AAOS Now: What has been your personal experience with EMRs?
Dr. Maxwell: I tried four systems before I found the right software. Once I did, I was able to reduce overhead and offset the cost of acquisition and implementation in just 6 months!
Dr. Blotter: We studied EMRs for about 18 months before we decided to adopt the technology. We implemented the system two physicians at a time, choosing our most computer-literate physicians first, which helped ease it in to our practice and helped manage the time-off for training by our employees and physicians. Our selection of an EMR system had a lot to do with our PM system, which was from the same vendor and integrated well. We have seen improvement in terms of the capture of coding, but little or no improvement to our efficiency on the clinical side.
We have been able to save space by eliminating a vast quantity of physical charts. We hope to work out the bugs in terms of efficiency on the clinical side.
Dr. Rhoades: Our practice implemented a fully functional EMR system in October 2004—in a single day. Paper backup was phased out as physicians and staff became comfortable with the EMR infrastructure. We have implemented electronic prescriptions, electronic fact server, some specialty-specific forms and protocols, and offsite access to physicians for the records. The transition has been successful. Neither physicians nor patients would return to the paper world electively.
Dr. Zembo: The whole process takes a lot longer than you plan. Be prepared for frustration. Physicians definitely like the improved reimbursements that have been realized, particularly in early phases when documentation for each patient visit is taking longer. It is important to test the EMR system’s coding and documentation to ensure accuracy for evaluation and management codes.
Dr. Lynch: I experienced the evolution of the VA’s current system, which has received justifiably high marks. It improved efficiencies, safety, and outcomes. I was also involved in the evacuation of the New Orleans VA Medical Center after Katrina. These patients’ records were available to clinicians at every VA medical center in the country—a powerful testament to the flexibility of an integrated EMR system.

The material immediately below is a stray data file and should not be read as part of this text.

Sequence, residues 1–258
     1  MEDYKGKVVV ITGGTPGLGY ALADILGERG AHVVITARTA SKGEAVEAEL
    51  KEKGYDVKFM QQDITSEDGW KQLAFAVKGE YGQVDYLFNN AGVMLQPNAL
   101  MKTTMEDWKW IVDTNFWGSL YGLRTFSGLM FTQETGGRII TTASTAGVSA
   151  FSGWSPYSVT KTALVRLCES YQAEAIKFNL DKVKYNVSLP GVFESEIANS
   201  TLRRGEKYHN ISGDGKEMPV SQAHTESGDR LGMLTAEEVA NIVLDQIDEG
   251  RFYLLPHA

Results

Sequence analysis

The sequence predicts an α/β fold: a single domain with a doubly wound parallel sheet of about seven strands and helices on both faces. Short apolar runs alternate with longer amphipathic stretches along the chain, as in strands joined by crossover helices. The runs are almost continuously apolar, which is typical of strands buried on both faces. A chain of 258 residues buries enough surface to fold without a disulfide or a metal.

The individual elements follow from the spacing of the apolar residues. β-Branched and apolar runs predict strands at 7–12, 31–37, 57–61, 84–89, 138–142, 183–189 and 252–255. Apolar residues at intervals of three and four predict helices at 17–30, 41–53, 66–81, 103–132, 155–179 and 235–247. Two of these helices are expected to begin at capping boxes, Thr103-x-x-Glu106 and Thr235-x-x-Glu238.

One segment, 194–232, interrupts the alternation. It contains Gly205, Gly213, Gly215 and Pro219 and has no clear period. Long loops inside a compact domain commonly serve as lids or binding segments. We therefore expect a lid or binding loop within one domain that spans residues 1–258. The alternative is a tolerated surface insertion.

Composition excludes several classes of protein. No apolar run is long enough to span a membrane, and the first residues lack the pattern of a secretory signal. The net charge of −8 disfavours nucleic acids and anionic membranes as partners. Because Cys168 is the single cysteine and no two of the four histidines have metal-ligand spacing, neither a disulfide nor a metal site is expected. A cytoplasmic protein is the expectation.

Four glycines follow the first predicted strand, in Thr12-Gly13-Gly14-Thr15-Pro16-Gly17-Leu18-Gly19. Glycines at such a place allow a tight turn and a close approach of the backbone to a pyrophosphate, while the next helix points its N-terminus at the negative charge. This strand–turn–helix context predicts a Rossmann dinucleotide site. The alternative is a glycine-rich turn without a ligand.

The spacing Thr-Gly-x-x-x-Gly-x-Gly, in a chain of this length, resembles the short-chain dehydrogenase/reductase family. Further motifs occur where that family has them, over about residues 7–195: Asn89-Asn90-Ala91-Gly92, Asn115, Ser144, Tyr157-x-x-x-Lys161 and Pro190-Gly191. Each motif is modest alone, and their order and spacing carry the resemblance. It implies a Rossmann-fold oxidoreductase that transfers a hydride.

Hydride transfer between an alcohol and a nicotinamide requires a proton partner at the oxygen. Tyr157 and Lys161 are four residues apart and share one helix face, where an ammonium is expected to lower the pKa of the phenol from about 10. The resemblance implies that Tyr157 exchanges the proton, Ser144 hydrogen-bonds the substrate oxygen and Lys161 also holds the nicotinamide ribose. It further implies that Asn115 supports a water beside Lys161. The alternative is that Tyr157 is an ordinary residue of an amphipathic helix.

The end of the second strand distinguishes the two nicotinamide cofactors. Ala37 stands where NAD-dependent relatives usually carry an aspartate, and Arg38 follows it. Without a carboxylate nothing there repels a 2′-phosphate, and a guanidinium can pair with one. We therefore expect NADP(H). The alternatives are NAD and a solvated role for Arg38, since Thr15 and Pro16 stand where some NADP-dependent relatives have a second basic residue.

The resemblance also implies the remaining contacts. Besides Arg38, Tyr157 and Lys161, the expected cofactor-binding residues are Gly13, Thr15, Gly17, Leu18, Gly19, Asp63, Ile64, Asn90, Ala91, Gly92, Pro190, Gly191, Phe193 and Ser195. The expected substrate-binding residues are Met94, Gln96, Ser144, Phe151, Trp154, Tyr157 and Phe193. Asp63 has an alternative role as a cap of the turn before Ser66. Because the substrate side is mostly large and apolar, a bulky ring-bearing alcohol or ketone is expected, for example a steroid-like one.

AAOS Now: What single piece of advice would you offer a physician whose practice has not yet implemented an EMR system?
Dr. Maxwell: Do it! But make sure that the software will really fit your (and your partners’) style of practice!
Dr. Blotter: Listen carefully to the vendor’s sales pitch. Count on obstacles and hurdles in your adaptation of a system. Allow enough time for training and implementation.
Dr. Rhoades: Accept the fact that you will need an EMR system in the very near future, shop the available national vendors, and pick a system that fits your budget and user preferences. Anticipate a short period of difficulty followed by a prolonged period of benefit.
Dr. Zembo: Do your homework first and be prepared for change: Get buy-in from the people involved, from physicians and office staff; honestly evaluate how the practice runs and be willing to make changes when needed.
Dr. Lynch: Be sure of what you are trying to accomplish with an EMR system. It is ultimately just a tool with specific benefits. Do your homework as thoroughly as you would for any other major investment decision. Get feedback from someone who uses the products you are considering. Lastly, make sure everyone is committed to the implementation.